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One Star Classics

Dementia Part II

/ Scary Dwellings

Dementia Part II cover

Two things to know before watching Dementia Part II: There is no Dementia Part I, and its tagline drops a huge spoiler. I have even blurred it out in the embedded cover shot – Dementia Part II is a movie that should be enjoyed with as little context as possible.

And Dementia Part II is a highly enjoyable dark comedy. We follow Wendell (Matt Mercer, also co-writer and co-director), a handyman and ex-con parolee who takes on a job for the elderly Suzanne (Suzanne Goldblum). Things instantly seem off. Suzanne suffers from some sort of mental deterioration – the titular dementia? – and goes back and forth on understanding who Wendell is. Generally, something is not right with her house – a photo of her daughter is covered by a cut-out of another woman (the always great Najarra Townsend), suggesting that somebody is taking advantage of Suzanne’s decaying state. And what’s with all her guns? The rat in the garbage disposal? Warning signs are abound.

The setup might sound gloomy and depressing, but Dementia Part II is anything but. Dark as the movie is, it’s also gross-out funny, and the mystery surrounding Suzanne – a woman who cites Y2K and Skynet as society’s downfall – is intriguing.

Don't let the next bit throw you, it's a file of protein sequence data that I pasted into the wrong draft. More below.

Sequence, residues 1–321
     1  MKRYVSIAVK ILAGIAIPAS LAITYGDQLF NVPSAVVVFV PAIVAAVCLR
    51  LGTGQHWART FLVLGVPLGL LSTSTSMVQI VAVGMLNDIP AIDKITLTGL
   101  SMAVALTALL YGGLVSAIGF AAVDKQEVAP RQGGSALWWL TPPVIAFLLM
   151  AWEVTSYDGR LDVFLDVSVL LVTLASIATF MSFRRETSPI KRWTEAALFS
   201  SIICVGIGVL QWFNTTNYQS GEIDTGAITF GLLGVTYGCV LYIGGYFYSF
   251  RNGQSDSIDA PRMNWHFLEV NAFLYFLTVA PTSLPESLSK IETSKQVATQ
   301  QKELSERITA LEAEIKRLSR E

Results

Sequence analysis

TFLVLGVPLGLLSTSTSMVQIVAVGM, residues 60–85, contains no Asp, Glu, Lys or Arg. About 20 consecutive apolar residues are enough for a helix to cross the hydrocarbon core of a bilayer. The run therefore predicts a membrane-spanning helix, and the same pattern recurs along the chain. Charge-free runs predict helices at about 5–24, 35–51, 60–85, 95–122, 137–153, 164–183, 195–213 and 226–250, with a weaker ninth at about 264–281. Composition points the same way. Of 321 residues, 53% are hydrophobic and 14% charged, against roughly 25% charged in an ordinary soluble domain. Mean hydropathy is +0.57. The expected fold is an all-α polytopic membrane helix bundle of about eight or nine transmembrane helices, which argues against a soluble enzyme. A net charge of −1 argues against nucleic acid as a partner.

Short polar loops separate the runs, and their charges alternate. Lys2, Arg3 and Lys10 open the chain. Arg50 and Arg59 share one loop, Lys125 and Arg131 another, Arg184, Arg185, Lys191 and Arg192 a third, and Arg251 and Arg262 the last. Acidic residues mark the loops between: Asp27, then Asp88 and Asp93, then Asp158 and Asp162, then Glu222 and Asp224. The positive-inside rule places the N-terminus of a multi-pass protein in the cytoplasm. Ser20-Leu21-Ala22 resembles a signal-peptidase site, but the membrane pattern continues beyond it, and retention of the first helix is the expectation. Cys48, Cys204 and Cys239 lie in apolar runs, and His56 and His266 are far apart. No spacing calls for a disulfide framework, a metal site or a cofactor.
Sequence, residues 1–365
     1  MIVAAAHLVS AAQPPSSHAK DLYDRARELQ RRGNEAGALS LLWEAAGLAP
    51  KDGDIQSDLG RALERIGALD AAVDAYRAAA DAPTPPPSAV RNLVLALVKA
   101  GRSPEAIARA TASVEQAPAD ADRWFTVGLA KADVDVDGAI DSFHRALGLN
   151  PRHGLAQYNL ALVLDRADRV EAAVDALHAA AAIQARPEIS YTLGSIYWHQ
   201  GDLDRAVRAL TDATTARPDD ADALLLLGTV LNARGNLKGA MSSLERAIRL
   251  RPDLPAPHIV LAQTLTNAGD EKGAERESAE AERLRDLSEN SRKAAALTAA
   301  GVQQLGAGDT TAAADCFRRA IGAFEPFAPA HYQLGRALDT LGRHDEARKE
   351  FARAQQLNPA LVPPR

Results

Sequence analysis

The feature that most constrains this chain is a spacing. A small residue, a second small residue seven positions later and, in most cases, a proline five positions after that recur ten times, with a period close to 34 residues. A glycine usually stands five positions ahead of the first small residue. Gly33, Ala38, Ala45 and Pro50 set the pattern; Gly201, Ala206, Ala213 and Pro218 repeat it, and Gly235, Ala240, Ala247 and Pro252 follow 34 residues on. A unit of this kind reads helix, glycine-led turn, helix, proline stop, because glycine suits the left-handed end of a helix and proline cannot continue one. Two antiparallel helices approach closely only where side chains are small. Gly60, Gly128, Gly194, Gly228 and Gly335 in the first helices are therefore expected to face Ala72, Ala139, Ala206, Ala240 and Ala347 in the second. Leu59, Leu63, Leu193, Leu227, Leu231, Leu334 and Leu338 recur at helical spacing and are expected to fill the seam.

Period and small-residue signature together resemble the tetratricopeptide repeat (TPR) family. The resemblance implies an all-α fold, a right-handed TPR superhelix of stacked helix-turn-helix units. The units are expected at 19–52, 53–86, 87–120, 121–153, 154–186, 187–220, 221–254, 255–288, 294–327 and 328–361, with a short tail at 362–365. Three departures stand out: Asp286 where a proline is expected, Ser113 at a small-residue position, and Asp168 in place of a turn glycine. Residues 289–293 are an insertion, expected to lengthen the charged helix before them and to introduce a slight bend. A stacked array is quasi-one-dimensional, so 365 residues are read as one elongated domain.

It is also an ultra-stylish film.

Rewind to the start, and you are introduced to a classy black-and-white pre-title scene that dissolves into a David Lynch-style Twin Peaks-typeset credit sequence. That then goes into a Fire Walk with Me static-TV scene that transitions into North by Northwest-style title cards. Yes, even in the first five minutes, there is a lot going on, and the Bernard Herrmann-esque music just underscores it. It all looks and sounds great: The writer/director team of Mercer and Mike Testin apparently have exquisite taste.

The acting, too, is spot on. Roughly half the movie follows Wendell and Suzanne, the latter who puts in a laudable (and frisky) performance as the confused old lady. Townsend, who arrives toward the end of the second act, is as good here as she is in the underrated The Stylist. (Underrated by me, that is, so note to self: add an addendum to that review.) Her portrayal borderlines femme fatale.

Again, to reiterate: You are better served going into Dementia Part II blindly. The twists and turns are sharp, entertaining, and gross-out fun; the execution is fully on point.

Equally admirable – and I am fully serious about this – is the length of the movie. Clocking in at sixty-seven minutes allows the film to maintain a pacing that serves the story perfectly. Why add swirl to prolong the journey to ninety minutes? It’s a ballsy and well-made choice by Mercer and Testin.

I don’t know what I expected from Dementia Part II. Not this, that’s for sure. What I got is something so thoroughly entertaining that I would recommend it to anyone who can stomach even a bit of graphic grossness. The film is that much fun. 2021 has been a good year for movies, and Dementia Part II ranks amongst the best of the lot.

And yes, I know the movie technically is a few years old. It still wasn’t released until recently, so keep your tweets to yourself.

By Remi,

Letterboxd summary: When an ex-con takes a job as a handyman for an unstable elderly woman to avoid a parole violation, it becomes a choice he may regret.

Ratings from around the web

Icon Site Score
One Star Classics logo One Star Classics 5/6
Letterboxd logo Letterboxd 3.1/5
IMDb logo IMDb 5.9/10
Rotten Tomatoes logo Rotten Tomatoes 80/100
One Star Classics logo Classicmeter™ 75%